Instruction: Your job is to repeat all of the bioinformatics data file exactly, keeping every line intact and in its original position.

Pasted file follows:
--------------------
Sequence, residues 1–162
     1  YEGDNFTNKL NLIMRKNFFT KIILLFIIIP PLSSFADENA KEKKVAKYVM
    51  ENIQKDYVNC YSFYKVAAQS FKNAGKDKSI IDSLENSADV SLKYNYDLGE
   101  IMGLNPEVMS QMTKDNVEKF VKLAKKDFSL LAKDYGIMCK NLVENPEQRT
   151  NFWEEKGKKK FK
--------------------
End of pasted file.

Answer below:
Sequence, residues 1–162
     1  YEGDNFTNKL NLIMRKNFFT KIILLFIIIP PLSSFADENA KEKKVAKYVM
    51  ENIQKDYVNC YSFYKVAAQS FKNAGKDKSI IDSLENSADV SLKYNYDLGE
   101  IMGLNPEVMS QMTKDNVEKF VKLAKKDFSL LAKDYGIMCK NLVENPEQRT
   151  NFWEEKGKKK FK